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Use of RDTs to improve malaria diagnosis and fever case management at primary health care facilities in Uganda.

Kyabayinze DJ, Asiimwe C, Nakanjako D, Nabakooza J, Counihan H, Tibenderana JK - Malar. J. (2010)

Bottom Line: Overall use of RDTs resulted in a 38% point reduction in AMD prescriptions.There was a two-fold reduction (RR 0.62, 95% CI 0.55-0.70) in AMD prescription with the greatest reduction in the hypo-endemic setting (RR 0.46 95% CI 0.51-0.53) but no significant change in the urban setting (RR1.01, p-value=0.820).Use of RDTs resulted in a 2-fold reduction in anti-malarial drug prescription at LLHCFs.

View Article: PubMed Central - HTML - PubMed

Affiliation: Malaria Consortium Africa, Plot 2, Sturrock Road, PO Box 8045, Kampala, Uganda. d.kyabayinze@malariaconsortium.org

ABSTRACT

Background: Early and accurate diagnosis of malaria followed by prompt treatment reduces the risk of severe disease in malaria endemic regions. Presumptive treatment of malaria is widely practised where microscopy or rapid diagnostic tests (RDTs) are not readily available. With the introduction of artemisinin-based combination therapy (ACT) for treatment of malaria in many low-resource settings, there is need to target treatment to patients with parasitologically confirmed malaria in order to improve quality of care, reduce over consumption of anti-malarials, reduce drug pressure and in turn delay development and spread of drug resistance. This study evaluated the effect of malaria RDTs on health workers' anti-malarial drug (AMD) prescriptions among outpatients at low level health care facilities (LLHCF) within different malaria epidemiological settings in Uganda.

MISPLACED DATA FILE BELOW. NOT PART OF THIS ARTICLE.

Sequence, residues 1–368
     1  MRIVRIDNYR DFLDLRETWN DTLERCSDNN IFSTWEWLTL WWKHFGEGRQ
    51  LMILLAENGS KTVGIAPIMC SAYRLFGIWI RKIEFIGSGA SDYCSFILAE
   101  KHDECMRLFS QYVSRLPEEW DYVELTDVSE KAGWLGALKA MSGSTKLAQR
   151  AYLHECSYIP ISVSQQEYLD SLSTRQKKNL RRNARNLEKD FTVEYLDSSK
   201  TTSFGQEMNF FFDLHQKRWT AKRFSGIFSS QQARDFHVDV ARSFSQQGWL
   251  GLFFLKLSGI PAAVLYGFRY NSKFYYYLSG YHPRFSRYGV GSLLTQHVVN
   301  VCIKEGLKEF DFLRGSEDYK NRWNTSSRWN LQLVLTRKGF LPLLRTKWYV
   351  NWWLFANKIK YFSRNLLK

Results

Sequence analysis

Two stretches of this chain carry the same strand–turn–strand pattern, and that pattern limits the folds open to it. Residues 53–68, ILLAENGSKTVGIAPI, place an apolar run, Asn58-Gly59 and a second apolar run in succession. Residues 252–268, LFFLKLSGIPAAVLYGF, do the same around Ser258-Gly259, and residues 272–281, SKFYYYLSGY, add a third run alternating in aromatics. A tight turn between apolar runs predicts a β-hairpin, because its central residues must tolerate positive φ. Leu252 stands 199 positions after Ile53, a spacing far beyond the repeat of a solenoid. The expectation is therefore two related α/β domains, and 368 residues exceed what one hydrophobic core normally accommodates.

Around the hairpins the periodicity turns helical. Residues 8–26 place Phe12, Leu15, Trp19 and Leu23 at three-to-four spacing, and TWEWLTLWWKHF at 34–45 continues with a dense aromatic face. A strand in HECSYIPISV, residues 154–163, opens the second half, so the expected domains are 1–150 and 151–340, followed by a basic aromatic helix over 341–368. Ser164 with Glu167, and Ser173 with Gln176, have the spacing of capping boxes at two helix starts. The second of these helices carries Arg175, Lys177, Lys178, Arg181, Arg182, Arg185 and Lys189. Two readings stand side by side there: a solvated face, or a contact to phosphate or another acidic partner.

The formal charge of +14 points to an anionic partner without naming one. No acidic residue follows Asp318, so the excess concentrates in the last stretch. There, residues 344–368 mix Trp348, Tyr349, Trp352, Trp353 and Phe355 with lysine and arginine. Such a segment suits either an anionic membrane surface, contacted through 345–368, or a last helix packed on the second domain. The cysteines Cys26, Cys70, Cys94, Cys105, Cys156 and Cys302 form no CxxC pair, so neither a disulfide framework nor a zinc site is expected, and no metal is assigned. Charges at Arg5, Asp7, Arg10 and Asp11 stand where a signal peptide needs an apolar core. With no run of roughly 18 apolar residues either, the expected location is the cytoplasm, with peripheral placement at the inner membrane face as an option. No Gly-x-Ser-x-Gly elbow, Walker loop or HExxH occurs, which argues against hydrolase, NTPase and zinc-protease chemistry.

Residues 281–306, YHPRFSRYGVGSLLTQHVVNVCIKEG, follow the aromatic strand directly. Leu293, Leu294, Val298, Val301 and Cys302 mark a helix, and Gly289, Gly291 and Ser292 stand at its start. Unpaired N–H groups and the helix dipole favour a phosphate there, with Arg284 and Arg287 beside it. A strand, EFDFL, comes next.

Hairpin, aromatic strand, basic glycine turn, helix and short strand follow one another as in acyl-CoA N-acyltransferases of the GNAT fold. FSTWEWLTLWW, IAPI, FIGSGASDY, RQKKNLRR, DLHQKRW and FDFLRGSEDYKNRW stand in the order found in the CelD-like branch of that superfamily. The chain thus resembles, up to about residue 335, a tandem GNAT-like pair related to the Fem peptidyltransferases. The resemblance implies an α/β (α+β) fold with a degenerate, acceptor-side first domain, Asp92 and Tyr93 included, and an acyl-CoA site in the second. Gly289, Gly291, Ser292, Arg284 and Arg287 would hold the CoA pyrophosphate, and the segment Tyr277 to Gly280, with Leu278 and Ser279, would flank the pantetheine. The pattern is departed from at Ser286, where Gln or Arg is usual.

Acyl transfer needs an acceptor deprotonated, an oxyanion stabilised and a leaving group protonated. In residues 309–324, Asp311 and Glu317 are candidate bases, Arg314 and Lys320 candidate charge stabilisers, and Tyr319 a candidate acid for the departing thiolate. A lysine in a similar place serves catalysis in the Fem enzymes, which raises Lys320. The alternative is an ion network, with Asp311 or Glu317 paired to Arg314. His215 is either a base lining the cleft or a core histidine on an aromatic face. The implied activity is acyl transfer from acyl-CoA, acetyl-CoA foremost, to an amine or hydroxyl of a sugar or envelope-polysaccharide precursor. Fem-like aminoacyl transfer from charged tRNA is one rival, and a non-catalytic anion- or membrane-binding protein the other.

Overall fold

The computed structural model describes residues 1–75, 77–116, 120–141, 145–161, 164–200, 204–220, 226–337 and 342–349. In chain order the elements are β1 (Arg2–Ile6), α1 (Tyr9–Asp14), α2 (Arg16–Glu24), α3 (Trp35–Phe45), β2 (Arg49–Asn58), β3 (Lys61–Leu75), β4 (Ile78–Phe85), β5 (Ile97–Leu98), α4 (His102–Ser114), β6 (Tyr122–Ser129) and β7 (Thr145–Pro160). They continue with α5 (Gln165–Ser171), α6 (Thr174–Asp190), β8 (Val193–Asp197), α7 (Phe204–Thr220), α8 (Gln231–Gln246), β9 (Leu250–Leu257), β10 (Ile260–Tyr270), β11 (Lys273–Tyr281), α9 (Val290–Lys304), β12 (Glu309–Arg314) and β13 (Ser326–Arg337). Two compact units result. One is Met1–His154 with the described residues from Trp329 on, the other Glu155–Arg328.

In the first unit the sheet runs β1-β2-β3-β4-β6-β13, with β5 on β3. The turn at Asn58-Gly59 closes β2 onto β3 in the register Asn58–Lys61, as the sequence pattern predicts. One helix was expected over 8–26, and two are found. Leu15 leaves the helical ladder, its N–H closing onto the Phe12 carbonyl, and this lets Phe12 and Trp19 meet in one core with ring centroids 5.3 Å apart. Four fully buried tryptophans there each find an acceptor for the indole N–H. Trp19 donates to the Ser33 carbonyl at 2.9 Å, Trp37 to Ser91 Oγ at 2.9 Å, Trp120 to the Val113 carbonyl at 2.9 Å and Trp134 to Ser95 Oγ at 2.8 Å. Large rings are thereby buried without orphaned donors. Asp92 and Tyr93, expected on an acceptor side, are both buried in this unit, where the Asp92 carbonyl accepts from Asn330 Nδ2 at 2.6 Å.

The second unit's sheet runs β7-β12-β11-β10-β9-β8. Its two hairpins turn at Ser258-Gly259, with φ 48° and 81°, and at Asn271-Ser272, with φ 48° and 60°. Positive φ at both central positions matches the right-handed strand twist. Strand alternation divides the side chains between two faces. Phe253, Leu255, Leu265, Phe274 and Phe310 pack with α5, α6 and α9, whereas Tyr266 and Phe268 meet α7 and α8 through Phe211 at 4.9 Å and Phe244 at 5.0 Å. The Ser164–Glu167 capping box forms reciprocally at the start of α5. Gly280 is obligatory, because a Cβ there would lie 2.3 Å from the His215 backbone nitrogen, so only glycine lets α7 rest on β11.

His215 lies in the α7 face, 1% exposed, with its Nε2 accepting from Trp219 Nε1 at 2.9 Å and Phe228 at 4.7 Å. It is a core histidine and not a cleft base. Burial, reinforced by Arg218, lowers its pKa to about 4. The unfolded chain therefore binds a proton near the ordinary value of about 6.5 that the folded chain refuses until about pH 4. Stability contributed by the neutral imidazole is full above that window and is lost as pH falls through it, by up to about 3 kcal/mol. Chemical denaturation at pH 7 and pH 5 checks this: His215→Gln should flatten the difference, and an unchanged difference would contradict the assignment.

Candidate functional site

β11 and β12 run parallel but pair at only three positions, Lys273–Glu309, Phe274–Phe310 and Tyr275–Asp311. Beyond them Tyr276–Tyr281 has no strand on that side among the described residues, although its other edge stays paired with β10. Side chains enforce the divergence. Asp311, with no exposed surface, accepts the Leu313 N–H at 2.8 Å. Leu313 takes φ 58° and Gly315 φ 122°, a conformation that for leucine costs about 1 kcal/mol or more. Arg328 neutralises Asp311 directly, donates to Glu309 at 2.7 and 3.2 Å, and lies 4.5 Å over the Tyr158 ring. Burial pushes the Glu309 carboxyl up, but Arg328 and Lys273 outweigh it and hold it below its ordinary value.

Methods: All health workers (HWs) in 21 selected intervention (where RDTs were deployed) LLHF were invited for training on the use RDTs. All HWs were trained to use RDTs for parasitological diagnosis of all suspected malaria cases irrespective of age. Five LLHCFs with clinical diagnosis (CD only) were included for comparison. Subsequently AMD prescriptions were compared using both a 'pre-post' and 'intervention-control' analysis designs. In-depth interviews of the HWs were conducted to explore any factors that influence AMD prescription practices.

Results: A total of 166,131 out-patient attendances (OPD) were evaluated at 21 intervention LLHCFs. Overall use of RDTs resulted in a 38% point reduction in AMD prescriptions. There was a two-fold reduction (RR 0.62, 95% CI 0.55-0.70) in AMD prescription with the greatest reduction in the hypo-endemic setting (RR 0.46 95% CI 0.51-0.53) but no significant change in the urban setting (RR1.01, p-value=0.820). Over 90% of all eligible OPD patients were offered a test. An average of 30% (range 25%-35%) of the RDT-negative fever patients received AMD prescriptions. When the test result was negative, children under five years of age were two to three times more likely (OR 2.6 p-value<0.001) to receive anti-malarial prescriptions relative to older age group. Of the 63 HWs interviewed 92% believed that a positive RDT result confirmed malaria, while only 49% believed that a negative RDT result excluded malaria infection.